But I do think we see, and especially in the way people live now, going far away for college, never having these experiences, that I can’t imagine a circumstance in which I would move back to my hometown, just because I’m not sure what I would do there. It would be nice to be close to family, but I can’t imagine a professional life for me there, and that’s unfortunate, I think. And I think that the experience that a lot of us have, that we have this exposure to the broader world, which is a luxury and a privilege, but then it does leave behind where we came from.
So I think the questions that you’re raising, about how do we help people experience these profound sensations, but then direct the energy to the nearby surround, rather than necessarily feeling that, “oh, if I’m going to do something, it’s got to be big,” and that means I have to go far away, or do something that involves a lot of travel, a lot of expense. That there are ways to experience awe and also to contribute to people close to home. You know, in our own homes or in our community. I think that’s really important.
Dan Ain: Beautiful. I – for me, I have an illustration of this, where I had left a service, and at the service, a part of that was to do a project, not unlike the type that you’re describing, where people are coming together to serve an underserved population very far from where the service was taking place, and people really tapping into that sense of responsibility. And then as I left the service, a man who had attended it was a quadriplegic, and he was waiting by the bus stop, and the people who had been praying together and working together walked by him. He was just at night on a bus stop by himself waiting for the bus to arrive, and people just walked right by him, and didn’t stand with him, or didn’t communicate with him.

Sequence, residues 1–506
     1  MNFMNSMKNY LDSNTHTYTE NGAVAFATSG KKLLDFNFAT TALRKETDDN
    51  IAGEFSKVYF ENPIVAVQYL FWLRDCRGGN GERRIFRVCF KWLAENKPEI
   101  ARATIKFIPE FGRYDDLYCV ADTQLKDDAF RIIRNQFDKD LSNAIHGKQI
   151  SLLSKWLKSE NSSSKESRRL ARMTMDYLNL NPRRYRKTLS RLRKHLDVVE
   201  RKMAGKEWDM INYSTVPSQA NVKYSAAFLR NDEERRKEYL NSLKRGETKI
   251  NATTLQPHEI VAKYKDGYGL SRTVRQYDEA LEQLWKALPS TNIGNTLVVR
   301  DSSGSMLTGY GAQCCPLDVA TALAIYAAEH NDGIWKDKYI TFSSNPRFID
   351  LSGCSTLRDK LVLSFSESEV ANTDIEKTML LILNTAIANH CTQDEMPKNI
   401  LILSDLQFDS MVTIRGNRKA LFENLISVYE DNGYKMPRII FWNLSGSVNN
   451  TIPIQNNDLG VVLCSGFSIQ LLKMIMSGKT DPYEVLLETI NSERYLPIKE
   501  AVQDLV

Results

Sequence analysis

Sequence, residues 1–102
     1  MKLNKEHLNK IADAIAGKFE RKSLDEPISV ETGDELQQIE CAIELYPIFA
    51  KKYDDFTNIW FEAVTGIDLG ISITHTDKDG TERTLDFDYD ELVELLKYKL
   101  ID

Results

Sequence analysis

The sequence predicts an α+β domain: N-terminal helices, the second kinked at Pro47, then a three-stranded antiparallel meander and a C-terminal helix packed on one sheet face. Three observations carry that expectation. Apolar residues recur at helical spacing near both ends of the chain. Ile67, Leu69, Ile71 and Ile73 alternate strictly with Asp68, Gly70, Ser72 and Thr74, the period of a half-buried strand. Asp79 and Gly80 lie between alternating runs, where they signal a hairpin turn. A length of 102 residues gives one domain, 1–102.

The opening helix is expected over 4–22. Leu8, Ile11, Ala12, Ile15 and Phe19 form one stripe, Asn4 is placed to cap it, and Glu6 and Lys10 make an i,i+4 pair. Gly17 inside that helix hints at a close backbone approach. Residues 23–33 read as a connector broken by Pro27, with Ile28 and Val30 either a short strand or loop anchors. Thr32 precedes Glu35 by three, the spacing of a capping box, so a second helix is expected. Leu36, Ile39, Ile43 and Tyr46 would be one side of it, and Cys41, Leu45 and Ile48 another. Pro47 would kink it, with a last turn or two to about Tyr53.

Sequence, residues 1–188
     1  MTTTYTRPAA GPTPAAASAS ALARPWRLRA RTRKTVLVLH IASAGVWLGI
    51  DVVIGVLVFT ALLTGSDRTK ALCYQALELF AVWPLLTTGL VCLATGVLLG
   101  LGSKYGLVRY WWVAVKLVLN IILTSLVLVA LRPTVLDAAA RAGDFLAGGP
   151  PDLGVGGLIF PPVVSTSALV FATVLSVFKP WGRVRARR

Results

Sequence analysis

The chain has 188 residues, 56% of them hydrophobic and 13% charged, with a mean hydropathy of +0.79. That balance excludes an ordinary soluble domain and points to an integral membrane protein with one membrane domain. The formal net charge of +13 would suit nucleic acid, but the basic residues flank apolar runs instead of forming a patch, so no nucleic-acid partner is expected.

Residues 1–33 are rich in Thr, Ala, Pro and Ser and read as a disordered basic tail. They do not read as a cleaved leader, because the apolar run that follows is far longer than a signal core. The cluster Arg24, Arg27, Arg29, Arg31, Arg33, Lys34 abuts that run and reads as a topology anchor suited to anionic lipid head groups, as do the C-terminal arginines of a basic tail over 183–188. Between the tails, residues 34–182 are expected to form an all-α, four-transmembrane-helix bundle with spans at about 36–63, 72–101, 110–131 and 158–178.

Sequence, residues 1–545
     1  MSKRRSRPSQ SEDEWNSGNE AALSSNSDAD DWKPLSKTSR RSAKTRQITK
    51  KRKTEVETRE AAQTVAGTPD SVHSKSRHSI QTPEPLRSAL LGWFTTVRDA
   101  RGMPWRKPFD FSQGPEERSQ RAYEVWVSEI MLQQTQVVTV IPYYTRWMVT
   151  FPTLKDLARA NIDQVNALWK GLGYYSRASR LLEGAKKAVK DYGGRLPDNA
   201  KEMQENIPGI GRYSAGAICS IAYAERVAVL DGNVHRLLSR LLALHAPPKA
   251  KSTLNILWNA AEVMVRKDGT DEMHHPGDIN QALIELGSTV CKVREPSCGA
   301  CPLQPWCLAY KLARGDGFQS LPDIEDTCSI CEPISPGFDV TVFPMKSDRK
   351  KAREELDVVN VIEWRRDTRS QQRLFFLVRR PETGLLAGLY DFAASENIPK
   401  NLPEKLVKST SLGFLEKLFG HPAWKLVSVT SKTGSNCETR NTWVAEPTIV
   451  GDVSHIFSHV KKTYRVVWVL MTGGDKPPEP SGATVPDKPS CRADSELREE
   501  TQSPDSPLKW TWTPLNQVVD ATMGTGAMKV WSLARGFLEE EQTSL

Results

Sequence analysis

And that made me aware of the way in which we can feel really good about what we are contributing to the other side of the world, and in the process lose the sight of a neighbor who is by himself waiting for a bus to come. And that was a really poignant moment for me in my life as clergy, in terms of where our perspective is focused, for better or worse.
John ZuHone: Also, just wanted bring a bit of the religious angle into it as well. At least for me, one of the central, if not the central message of the Bible is that the Creator deeply loves and delights in every creature He has made. And He’s called all of it very good. It seems that the onus is on me if I want to follow in the footsteps, I suppose you could say, of the way that he’d like me to live, is that to try to have that same kind of love and delight for everything, in every person that I see, and when I don’t do that, when I’m short sighted or only thinking about myself, or, you know, my immediate needs or things like that, that I’m kind of going against the grain of that deep well of my tradition. And the issue is with me.